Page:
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OR Excellence Awards - September 2018 - Subscribe to Outpatient Surgery Magazine

Outpatient Surgery Magazine, providing current information on Surgical Services, Surgical Facility Administration, Outpatient Surgery News and Trends, OR Excellence and more.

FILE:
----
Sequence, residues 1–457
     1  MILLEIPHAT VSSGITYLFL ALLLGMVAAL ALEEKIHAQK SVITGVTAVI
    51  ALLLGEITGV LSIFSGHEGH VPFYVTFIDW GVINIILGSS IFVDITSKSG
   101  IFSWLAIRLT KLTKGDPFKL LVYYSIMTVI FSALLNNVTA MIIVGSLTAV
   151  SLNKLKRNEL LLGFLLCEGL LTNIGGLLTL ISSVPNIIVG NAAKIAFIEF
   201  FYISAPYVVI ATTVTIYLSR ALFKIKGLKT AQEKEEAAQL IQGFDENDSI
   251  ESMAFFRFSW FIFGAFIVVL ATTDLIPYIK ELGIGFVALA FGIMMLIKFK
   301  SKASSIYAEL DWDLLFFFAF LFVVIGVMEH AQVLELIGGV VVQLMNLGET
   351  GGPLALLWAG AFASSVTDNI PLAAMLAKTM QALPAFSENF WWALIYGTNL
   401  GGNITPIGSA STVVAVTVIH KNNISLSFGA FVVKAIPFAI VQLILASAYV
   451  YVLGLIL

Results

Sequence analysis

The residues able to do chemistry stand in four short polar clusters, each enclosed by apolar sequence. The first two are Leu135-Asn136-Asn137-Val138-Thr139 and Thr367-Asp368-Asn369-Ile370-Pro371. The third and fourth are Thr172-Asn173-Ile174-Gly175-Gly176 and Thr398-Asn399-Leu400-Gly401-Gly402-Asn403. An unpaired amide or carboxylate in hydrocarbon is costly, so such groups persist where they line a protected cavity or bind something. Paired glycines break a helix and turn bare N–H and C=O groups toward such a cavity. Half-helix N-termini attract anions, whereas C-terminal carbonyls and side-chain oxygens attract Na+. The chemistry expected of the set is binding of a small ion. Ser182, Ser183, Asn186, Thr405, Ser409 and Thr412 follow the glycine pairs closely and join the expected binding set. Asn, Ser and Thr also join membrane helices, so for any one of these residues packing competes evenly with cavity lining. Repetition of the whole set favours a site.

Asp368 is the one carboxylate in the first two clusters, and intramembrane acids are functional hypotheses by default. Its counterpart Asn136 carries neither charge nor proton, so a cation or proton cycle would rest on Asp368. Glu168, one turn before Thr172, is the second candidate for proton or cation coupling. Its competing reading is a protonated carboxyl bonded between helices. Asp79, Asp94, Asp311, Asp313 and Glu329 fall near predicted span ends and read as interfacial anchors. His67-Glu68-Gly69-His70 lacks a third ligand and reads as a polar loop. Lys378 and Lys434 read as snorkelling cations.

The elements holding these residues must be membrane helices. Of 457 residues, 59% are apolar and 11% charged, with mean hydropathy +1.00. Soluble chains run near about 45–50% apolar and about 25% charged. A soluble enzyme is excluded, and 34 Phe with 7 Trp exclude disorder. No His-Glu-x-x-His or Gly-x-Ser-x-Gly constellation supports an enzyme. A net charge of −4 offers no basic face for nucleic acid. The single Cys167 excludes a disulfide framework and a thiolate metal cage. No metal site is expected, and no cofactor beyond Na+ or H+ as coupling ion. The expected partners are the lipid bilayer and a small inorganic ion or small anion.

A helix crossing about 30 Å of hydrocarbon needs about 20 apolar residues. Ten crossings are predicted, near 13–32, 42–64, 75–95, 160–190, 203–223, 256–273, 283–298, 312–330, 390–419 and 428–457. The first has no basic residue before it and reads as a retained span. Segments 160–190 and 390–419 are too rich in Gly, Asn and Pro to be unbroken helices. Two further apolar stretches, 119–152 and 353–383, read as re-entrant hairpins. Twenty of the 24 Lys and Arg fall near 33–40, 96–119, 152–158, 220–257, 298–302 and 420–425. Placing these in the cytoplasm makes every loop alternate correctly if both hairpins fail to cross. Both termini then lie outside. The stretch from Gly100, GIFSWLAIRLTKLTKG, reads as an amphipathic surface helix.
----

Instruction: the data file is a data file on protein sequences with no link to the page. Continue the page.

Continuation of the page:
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Anesthesia Alert AA 2 2 • O U T PA T I E N T S U R G E R Y M A G A Z I N E • S E P T E M B E R 2 0 1 8 One simple question is a pretty reliable predictor of the post-operative complications patients with pulmonary hyperten- sion (PHTN) will experi- ence: Can they walk up 2 flights of stairs without stopping for shortness of breath? This finding is described in the study, "Self-reported functional status predicts post-operative outcomes in non-cardiac surgery patients with pulmonary hyperten- sion," published in the journal PLOS ONE (osmag.net/k6AqSS). Asking a simple question sure beats scheduling a $3,000 echocardiography, says study co-author Gail Van Norman, MD, a University of Washington Medicine anesthesiologist. "If [a patient] can walk up two flights of stairs," says Dr. Van Norman, "you probably can do a laparoscopic gallbladder removal and reassure him that the risks of complications are pretty low." If a patient gets winded climbing stairs, there's a greater chance he'll have a longer stay in the hospital following a surgical procedure and experience such major complications as arrhyth- mia, acute renal failure or delirium, say researchers. Researchers also pinpointed which PHTN patients could move The Key Question to Ask Patients With Pulmonary Hypertension • GOING UP Climbing stairs can predict post-op issues for patients with pulmonary hypertension. TWO FLIGHTS UP

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